Alternatives to Austerity


Larry Summers and Christina Romer both argue--convincingly, it seems to me--that Europe's pursuit of creditworthiness through fiscal austerity is failing. Their point is not that fiscal restraint is always bad. Normally, reining in deficits would strengthen the public finances. The point is that current circumstances are unusual. As Summers explains:

Systematic comparisons of the experience of different European countries or more global comparisons at the IMF are salutary. They suggest that, when economies are constrained by demand and safe short-term interest rates are near zero, policy measures that reduce the deficit by 1 per cent have a multiplier of 1 to 1.5. This implies a 1 per cent reduction in a country's ratio of spending to GDP or an equivalent tax increase reduces its GDP growth rate by 1 to 1.5 per cent.

This means austerity measures at the national level are likely to be counterproductive in terms of creditworthiness. Fiscal contraction reduces incomes, limiting the capacity to repay debts. It achieves only very limited reductions in deficits once the adverse effects of contraction on tax revenues and benefit payments are taken into account. And it casts a shadow over future growth prospects by reducing capital investment and raising unemployment, which takes a toll on the capacity and willingness of the unemployed to work.

In ordinary times, fiscal tightening would improve creditworthiness because its negative effect on demand and employment would be small, and monetary policy could be used to offset that effect in any case. Today the negative effect is bigger and the scope for monetary easing is limited. Belt-tightening by itself just won't work.

However, it isn't enough to say "choose growth". As Gideon Rachman says of Francois Hollande's promise to replace austerity with growth if he wins the French presidency, "Why didn't anybody think of that before?" If France unilaterally announced big new spending plans, the markets would drive its borrowing costs up. That goes double for Spain, where the cost of debt is already so high as to threaten the country's solvency, and where the future of the European Union may very well be decided.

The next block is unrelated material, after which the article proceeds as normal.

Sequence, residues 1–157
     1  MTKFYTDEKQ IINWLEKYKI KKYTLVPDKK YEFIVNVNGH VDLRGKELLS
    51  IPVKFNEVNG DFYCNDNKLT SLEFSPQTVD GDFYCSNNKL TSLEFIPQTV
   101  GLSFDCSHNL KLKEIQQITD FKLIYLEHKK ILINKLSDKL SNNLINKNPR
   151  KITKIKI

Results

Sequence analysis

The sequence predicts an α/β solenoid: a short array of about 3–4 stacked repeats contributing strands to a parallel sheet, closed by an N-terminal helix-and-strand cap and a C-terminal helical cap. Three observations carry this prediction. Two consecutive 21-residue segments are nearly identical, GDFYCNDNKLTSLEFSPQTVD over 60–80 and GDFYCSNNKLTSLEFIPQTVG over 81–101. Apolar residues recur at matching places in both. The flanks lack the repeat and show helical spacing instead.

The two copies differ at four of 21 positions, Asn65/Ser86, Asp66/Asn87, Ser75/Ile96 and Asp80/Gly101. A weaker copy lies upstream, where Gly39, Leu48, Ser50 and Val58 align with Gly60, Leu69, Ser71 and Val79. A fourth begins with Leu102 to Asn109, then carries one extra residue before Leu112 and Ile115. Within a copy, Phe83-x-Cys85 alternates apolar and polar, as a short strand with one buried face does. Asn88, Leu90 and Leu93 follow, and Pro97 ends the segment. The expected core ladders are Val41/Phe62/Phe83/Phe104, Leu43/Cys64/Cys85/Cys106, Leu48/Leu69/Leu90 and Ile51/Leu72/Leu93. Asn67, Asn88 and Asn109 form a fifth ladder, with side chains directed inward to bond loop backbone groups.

Fiscal tightening won't restore Spain's creditworthiness: it shrinks the economy. Fiscal expansion won't do it either: that would spook the markets. So there's no way out? That's right--not for Spain acting alone.

Europe has to act collectively. The euro area as a whole is an economy comparable in size to the US. Its gross public debt is about the same, its balance of payments is stronger and its aggregate fiscal deficit is smaller. If euro area governments jointly backed its borrowing, Spain wouldn't need to pay 6% to persuade investors to buy its debt. That's the way out.

It's not a question of "choosing growth". Europe has to choose fiscal union. It might not want fiscal union, but it had better consider the alternatives. Adopting the euro was a mistake but there's no way back from that without truly colossal damage. The price of maintaining the current half-way position--monetary union without fiscal union--will be years of intolerably high unemployment in Spain and other parts of the EU. The only way to avoid this is for Germany to grit its teeth and embrace the closer political (i.e., fiscal) union it always said it wanted.

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Clive Crook is a senior editor of The Atlantic and a columnist for Bloomberg View. He was the Washington columnist for the Financial Times, and before that worked at The Economist for more than 20 years, including 11 years as deputy editor. Crook writes about the intersection of politics and economics. More

Crook writes about the intersection of politics and economics.

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